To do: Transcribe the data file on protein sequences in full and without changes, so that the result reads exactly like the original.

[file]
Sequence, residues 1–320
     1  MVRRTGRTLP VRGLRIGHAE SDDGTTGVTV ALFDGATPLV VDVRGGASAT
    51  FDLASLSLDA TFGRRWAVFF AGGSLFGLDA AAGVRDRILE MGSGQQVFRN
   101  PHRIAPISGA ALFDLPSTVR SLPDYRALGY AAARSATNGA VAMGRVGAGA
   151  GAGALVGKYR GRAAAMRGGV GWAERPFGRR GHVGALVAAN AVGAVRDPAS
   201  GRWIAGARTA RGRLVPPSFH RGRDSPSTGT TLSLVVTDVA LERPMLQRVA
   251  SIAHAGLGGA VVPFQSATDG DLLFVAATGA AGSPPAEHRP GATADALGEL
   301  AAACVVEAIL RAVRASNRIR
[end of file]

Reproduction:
Sequence, residues 1–320
     1  MVRRTGRTLP VRGLRIGHAE SDDGTTGVTV ALFDGATPLV VDVRGGASAT
    51  FDLASLSLDA TFGRRWAVFF AGGSLFGLDA AAGVRDRILE MGSGQQVFRN
   101  PHRIAPISGA ALFDLPSTVR SLPDYRALGY AAARSATNGA VAMGRVGAGA
   151  GAGALVGKYR GRAAAMRGGV GWAERPFGRR GHVGALVAAN AVGAVRDPAS
   201  GRWIAGARTA RGRLVPPSFH RGRDSPSTGT TLSLVVTDVA LERPMLQRVA
   251  SIAHAGLGGA VVPFQSATDG DLLFVAATGA AGSPPAEHRP GATADALGEL
   301  AAACVVEAIL RAVRASNRIR